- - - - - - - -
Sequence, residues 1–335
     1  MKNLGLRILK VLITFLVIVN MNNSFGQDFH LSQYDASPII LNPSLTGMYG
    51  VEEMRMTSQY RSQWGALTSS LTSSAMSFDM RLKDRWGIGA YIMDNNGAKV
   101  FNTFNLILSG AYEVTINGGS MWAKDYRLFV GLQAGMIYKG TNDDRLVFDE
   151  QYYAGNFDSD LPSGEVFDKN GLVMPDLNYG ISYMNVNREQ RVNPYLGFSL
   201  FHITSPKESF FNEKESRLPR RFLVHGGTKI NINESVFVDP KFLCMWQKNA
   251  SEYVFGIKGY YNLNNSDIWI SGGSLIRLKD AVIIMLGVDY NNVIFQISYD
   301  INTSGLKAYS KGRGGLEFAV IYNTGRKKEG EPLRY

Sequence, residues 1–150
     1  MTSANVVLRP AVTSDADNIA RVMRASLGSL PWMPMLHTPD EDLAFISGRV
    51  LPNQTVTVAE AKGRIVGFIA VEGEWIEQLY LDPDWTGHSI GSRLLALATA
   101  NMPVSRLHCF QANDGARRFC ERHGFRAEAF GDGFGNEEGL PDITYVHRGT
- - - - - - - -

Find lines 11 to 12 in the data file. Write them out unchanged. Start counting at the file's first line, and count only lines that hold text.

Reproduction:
    51  LPNQTVTVAE AKGRIVGFIA VEGEWIEQLY LDPDWTGHSI GSRLLALATA
   101  NMPVSRLHCF QANDGARRFC ERHGFRAEAF GDGFGNEEGL PDITYVHRGT